The Sunni Wakf Board on Wednesday told the Supreme Court it does not dispute the Nirmohi Akhara’s “shebait” rights, or rights as a devotee, at Ayodhya’s disputed site but this does not mean the land belongs to them.
The board’s advocate Rajeev Dhavan has been making arguments this week before a five-judge Constitution bench headed by Chief Justice of India Ranjan Gogoi. Wednesday was the 19th day of the hearings in the Ayodhya case. The bench, which also comprises SA Bobde, DY Chandrachud, Ashok Bhushan and SA Nazeer, had heard Hindu parties until last week.
Justice Nazeer asked Dhavan if the board does not dispute the shebait rights for the Akhara. When Dhavan replied in the negative, Justice Bhushan asked him: “When you are not disputing the shebait rights, are you not accepting that part of the mosque was also temple?”
Dhavan asked: “Yes, maybe, but what part?”
Dhavan said the idols were in the outer courtyard of the site and Hindus were allowed to pray, but this did not mean Hindus had the title to the place. Justice DY Chandrachud then noted that the Muslim parties had claimed the title over the inner as well as outer courtyard, and the moment they conceded shebait rights, they would also give up part of their claim.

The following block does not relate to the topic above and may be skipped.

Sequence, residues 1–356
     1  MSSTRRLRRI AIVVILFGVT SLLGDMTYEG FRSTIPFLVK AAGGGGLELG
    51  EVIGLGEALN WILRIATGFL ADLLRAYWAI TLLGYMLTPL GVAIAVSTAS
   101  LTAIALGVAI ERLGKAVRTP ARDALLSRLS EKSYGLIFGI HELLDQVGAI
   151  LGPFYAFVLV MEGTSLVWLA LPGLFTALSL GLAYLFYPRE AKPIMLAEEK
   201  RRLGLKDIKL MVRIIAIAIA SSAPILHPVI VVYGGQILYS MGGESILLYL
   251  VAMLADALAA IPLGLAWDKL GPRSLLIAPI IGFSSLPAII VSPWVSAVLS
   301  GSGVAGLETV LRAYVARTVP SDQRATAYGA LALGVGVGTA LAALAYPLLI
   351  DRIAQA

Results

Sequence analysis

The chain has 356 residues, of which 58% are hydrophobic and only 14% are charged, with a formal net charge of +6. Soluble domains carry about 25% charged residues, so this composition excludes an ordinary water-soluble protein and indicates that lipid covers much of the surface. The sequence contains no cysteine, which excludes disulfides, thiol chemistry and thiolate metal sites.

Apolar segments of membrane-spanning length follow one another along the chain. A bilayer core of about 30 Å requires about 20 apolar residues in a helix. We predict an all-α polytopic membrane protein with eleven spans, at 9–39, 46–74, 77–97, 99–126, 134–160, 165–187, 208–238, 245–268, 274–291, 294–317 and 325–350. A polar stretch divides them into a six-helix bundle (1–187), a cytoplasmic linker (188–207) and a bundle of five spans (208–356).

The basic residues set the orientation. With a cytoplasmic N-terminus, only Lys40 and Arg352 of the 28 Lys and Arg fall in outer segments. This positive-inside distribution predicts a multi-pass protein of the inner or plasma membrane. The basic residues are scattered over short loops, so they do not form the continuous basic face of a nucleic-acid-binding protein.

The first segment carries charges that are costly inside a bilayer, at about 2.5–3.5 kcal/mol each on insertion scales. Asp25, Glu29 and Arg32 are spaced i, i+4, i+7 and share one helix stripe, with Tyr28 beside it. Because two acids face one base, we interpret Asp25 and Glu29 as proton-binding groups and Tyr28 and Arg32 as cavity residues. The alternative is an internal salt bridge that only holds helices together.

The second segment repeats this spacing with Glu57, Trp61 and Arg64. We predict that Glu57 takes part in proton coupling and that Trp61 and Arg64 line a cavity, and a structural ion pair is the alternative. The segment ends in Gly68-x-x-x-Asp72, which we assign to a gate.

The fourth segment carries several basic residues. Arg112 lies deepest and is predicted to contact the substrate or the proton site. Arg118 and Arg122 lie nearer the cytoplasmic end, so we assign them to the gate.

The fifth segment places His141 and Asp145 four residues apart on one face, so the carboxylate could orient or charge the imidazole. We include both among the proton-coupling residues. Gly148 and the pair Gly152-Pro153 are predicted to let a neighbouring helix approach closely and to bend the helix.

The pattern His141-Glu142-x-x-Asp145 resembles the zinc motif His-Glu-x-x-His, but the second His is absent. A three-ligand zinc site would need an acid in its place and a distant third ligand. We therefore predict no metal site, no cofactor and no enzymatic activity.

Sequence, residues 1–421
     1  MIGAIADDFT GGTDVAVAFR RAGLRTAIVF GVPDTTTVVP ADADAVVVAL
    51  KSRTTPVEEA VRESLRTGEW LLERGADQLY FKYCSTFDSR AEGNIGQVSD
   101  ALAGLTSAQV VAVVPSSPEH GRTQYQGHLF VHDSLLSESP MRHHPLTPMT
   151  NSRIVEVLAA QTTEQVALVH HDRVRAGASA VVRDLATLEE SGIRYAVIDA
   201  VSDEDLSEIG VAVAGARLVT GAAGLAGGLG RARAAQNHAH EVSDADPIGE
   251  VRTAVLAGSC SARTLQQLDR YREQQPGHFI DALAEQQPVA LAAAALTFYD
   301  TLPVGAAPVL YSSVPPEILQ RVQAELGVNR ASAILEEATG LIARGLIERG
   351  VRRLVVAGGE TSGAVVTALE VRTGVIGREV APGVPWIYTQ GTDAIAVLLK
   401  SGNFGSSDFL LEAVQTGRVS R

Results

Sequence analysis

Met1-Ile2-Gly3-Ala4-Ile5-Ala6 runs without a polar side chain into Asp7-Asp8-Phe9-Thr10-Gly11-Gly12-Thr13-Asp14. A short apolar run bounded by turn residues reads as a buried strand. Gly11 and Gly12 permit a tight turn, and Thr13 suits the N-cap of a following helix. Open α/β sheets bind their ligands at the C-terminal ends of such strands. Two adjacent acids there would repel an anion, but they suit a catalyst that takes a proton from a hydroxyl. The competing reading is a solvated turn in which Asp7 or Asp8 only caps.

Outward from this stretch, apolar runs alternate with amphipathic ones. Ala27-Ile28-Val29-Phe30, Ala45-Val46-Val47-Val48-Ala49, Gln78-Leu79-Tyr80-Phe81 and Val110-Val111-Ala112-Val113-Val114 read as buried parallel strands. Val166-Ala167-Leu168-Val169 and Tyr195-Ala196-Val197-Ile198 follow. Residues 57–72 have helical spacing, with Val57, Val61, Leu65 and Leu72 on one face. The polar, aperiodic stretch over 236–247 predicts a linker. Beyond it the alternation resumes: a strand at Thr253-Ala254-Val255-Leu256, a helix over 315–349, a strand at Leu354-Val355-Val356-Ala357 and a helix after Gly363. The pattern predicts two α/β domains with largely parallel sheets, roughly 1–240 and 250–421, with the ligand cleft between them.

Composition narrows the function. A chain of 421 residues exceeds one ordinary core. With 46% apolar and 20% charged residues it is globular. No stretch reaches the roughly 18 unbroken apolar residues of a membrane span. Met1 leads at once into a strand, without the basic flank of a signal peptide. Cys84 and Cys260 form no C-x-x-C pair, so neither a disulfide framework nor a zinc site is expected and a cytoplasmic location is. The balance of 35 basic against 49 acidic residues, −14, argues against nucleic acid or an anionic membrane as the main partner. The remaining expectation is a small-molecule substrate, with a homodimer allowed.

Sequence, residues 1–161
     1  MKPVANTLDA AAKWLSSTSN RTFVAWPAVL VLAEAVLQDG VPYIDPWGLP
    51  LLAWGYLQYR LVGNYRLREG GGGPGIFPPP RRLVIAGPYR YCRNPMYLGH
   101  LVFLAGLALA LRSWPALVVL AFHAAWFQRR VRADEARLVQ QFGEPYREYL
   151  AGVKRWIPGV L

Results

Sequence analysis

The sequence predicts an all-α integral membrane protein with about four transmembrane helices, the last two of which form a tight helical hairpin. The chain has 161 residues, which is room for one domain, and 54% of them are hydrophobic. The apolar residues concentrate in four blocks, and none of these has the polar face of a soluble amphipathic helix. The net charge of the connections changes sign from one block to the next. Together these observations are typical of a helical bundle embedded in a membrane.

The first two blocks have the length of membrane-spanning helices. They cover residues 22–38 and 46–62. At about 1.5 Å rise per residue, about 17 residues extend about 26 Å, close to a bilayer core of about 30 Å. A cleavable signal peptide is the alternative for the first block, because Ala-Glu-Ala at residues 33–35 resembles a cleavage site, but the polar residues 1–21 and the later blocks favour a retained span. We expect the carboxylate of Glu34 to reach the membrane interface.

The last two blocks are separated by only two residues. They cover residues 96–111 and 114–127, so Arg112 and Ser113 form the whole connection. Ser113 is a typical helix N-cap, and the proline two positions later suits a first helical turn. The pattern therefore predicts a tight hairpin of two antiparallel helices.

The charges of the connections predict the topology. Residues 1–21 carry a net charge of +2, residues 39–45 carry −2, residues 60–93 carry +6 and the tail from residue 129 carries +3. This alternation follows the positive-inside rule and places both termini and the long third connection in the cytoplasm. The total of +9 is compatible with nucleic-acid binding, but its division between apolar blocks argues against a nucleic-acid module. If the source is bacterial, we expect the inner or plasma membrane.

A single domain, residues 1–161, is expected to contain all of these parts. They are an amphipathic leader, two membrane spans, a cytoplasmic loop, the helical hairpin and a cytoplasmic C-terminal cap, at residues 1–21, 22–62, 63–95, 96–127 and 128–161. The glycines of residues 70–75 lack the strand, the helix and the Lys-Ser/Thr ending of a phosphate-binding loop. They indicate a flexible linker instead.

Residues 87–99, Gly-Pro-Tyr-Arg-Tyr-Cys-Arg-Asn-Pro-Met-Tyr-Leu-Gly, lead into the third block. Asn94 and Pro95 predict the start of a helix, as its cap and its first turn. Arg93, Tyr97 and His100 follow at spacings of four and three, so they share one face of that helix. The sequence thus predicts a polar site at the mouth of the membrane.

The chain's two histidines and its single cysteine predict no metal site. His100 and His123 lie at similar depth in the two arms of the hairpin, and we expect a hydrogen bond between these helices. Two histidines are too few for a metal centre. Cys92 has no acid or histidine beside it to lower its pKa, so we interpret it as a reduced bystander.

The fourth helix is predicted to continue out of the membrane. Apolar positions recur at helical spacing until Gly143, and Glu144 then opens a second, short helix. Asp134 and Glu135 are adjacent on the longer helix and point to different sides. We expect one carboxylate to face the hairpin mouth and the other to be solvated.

Dhavan then argued that the Nirmohi Akhara only had easement rights but no title. The Akahara has been asking for management rights of the outer courtyard, he claimed. “Our case is that in 1885, Akhara had sought enforcement of the right of prayer at ‘Ram Chabutra’ and not title over the property,” he said. “Technically, your lordships can say that some portion may be given.”
Before the hearing began, Dhavan told the bench about the attack on one of the main litigants, Iqbal Ansari, at his home in Ayodhya by two people on Tuesday. Ansari was saved by his security personnel from the attackers, who he claimed had threatened to kill him if he did not withdraw his case. The bench said it would look into the matter.
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